Keyless entry systems can be pretty convenient, unlocking cars and opening garage doors by pressing a simple key fob's button. However they're not the most secure systems going around, and a can often be easily exploited through simple tools and clever hacks.

Security researcher Samy Kamkar has built a simple, clever tool called "RollJam" that easily defeats keyless locks on cars and garage doors by exploiting vulnerabilities with the way they function. RollJam is built using around $32 of components and is smaller than a mobile phone, making it perfect for stealth attacks.

RollJam is designed to defeat "rolling codes", a widely-used type of security implementation for keyless entry systems that changes the unlock code after each unlock attempt. In theory, if an attacker intercepts a code during transmission, a rolling code system makes the intercepted code useless for repeat entry attempts.

The way RollJam defeats rolling codes is simple. When a person attempts to unlock their car with their key fob, for example, RollJam blocks the wireless signal from reaching the car using a pair of radios while simultaneously capturing the code with a third radio. The person will realize their car hasn't been unlocked, and so will use their key fob a second time.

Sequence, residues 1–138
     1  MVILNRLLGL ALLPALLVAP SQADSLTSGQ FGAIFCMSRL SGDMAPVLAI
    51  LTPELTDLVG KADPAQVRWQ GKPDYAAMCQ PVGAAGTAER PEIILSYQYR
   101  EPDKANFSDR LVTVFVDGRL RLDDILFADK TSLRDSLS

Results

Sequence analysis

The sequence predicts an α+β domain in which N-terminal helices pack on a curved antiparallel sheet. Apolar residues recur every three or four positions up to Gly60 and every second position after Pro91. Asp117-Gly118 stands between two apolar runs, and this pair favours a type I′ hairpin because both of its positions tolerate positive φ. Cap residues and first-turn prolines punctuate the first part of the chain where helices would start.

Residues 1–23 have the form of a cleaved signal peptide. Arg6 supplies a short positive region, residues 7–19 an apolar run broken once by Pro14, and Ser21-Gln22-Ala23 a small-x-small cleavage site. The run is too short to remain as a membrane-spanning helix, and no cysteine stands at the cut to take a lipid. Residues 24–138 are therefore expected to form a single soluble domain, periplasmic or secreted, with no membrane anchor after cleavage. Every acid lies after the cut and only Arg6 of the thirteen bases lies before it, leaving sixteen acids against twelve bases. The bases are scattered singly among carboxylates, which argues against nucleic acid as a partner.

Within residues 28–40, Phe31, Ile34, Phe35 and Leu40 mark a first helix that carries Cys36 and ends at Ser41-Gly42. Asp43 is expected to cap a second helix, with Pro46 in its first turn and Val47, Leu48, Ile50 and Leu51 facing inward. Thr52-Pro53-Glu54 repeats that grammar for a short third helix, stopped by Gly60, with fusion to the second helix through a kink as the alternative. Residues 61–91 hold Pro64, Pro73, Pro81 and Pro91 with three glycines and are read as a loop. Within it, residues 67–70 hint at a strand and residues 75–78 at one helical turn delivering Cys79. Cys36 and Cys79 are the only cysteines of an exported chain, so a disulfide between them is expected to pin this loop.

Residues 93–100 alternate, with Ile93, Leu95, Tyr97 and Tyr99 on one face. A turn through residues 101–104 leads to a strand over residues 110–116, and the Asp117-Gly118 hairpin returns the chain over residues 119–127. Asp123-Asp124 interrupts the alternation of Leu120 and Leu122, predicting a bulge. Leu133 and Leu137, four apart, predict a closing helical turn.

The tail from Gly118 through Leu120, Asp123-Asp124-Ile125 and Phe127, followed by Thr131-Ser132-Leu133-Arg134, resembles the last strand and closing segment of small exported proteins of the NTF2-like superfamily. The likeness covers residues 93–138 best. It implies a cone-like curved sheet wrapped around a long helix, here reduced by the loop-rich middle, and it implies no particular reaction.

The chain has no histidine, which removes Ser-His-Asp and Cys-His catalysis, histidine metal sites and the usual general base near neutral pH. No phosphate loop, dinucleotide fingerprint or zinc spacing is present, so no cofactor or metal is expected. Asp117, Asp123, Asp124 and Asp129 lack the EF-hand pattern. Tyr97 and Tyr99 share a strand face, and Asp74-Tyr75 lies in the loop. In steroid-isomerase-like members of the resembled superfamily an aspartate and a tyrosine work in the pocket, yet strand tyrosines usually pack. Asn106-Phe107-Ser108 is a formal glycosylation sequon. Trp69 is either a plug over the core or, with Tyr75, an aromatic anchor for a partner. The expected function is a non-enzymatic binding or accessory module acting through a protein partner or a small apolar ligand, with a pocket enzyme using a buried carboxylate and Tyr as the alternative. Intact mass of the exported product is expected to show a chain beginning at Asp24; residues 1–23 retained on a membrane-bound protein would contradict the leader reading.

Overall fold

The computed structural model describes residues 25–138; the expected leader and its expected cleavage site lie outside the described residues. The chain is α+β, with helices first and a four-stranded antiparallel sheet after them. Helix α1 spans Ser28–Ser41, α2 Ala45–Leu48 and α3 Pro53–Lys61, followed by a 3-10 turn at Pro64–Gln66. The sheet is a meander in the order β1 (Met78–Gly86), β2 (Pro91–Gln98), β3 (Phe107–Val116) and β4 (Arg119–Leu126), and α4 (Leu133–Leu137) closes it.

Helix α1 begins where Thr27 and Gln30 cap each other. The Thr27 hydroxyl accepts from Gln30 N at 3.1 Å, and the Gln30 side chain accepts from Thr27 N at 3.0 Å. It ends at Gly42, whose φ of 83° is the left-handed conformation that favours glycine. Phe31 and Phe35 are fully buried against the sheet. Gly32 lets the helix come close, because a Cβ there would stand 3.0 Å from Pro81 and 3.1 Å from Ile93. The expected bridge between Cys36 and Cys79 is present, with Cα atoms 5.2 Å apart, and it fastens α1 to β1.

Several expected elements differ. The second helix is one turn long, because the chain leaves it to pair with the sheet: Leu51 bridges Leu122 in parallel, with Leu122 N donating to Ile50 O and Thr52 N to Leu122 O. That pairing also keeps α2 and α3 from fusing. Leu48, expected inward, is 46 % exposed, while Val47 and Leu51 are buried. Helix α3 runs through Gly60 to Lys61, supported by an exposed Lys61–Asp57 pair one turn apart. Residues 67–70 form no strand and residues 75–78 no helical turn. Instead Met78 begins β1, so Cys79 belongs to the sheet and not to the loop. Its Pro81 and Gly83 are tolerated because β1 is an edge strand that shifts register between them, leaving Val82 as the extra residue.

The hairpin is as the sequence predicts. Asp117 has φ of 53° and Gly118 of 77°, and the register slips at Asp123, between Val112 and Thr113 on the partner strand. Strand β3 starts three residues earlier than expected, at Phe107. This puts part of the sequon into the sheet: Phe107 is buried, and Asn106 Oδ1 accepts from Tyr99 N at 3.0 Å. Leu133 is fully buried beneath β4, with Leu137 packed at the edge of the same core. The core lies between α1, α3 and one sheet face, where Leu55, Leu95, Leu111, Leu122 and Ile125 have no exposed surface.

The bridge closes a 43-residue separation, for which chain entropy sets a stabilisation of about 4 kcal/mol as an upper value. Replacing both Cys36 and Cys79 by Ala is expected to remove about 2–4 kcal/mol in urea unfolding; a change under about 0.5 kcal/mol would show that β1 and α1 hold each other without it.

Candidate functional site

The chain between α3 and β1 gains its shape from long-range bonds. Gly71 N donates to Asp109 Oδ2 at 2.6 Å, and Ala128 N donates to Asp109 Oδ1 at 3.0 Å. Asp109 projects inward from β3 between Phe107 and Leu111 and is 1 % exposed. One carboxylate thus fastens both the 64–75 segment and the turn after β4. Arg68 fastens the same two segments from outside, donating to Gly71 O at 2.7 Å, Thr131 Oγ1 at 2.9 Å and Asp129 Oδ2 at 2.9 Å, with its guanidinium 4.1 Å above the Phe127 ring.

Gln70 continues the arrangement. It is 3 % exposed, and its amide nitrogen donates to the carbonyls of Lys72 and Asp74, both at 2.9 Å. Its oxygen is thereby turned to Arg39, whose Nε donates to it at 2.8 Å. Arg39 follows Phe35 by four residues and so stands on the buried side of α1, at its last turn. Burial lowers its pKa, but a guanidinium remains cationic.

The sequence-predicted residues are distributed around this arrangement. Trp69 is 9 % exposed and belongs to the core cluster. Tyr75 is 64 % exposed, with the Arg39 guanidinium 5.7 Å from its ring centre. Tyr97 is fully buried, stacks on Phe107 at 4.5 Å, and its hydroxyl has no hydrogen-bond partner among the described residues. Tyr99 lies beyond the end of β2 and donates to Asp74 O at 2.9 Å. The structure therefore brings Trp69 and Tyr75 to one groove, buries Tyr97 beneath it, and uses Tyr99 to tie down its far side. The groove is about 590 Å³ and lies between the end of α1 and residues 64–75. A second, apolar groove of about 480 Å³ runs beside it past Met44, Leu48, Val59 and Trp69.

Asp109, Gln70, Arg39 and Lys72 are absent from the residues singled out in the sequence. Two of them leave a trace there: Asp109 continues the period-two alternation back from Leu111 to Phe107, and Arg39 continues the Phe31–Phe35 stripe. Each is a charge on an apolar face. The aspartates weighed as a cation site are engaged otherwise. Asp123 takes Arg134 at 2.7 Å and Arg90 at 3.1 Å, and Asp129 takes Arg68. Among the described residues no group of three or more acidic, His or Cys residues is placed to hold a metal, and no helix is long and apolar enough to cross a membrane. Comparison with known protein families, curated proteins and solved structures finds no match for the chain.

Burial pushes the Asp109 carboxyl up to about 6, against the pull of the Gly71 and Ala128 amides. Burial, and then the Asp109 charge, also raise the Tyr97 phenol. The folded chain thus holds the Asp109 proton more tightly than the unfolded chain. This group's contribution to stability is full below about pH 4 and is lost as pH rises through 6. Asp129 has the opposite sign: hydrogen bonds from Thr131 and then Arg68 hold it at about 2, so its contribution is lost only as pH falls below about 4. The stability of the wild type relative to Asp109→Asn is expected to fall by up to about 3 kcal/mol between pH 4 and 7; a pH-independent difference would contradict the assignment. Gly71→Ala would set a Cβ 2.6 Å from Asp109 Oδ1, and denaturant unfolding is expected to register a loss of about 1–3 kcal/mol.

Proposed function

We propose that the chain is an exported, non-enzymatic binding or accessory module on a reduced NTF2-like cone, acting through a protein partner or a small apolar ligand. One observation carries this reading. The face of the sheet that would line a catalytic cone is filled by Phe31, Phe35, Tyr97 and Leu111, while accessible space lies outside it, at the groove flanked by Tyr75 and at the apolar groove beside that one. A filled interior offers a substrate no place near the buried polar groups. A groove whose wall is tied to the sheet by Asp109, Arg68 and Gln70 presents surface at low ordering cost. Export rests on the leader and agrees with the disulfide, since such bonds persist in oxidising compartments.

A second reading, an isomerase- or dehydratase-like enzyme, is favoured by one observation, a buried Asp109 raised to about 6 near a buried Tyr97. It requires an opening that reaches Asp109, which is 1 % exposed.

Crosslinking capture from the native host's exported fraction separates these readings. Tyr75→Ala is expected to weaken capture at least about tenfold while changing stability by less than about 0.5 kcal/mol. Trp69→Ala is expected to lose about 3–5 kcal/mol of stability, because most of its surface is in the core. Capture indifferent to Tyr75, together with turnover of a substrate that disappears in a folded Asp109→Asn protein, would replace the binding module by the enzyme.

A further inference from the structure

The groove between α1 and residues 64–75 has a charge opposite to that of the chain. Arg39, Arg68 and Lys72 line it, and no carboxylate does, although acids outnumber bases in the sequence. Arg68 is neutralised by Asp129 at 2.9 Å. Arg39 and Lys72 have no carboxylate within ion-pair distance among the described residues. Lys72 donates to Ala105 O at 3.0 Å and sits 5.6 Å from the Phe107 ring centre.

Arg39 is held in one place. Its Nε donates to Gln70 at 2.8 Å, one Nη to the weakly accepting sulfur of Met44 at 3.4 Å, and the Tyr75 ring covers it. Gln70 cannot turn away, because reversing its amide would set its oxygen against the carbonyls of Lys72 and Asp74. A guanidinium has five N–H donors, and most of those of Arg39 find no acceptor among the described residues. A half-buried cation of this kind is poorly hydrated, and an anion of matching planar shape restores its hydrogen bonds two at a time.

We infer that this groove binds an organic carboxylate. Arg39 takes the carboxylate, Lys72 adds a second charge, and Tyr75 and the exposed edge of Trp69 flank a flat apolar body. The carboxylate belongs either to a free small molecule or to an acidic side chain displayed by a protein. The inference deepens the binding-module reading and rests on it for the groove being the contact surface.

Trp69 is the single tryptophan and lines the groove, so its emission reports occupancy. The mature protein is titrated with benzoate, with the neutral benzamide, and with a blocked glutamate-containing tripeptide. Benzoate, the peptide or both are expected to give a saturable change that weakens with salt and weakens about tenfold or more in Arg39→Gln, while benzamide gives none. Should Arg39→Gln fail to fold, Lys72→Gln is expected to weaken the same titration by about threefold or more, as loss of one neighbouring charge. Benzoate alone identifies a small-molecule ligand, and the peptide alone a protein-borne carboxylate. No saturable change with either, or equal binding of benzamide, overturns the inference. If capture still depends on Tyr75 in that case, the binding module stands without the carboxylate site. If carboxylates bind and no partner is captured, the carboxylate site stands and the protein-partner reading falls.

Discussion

After the key fob is pressed a second time, RollJam blocks this signal, steals a second code, and re-transmits the first code it captured. The car accepts the first code and the person thinks everything is fine. Meanwhile, the thief using RollJam has a second unlock code stored and ready to use at a later date, and so long as the device is kept nearby, it can keep stealing and re-submitting codes until the thief wants to use it.

RollJam can unlock cars from a range of manufacturers, including Toyota, Ford, Chrysler, Nissan, and Volkswagen, as well as several types of garage door and alarm systems. Many of these companies are aware of the issue, and are implementing new keyless entry systems that put a short expiry date on each code, thereby defeating RollJam.

Since Kamkar has released details of this exploit to the public, it might even force these companies to upgrade existing systems, which without a hardware upgrade could remain vulnerable indefinitely.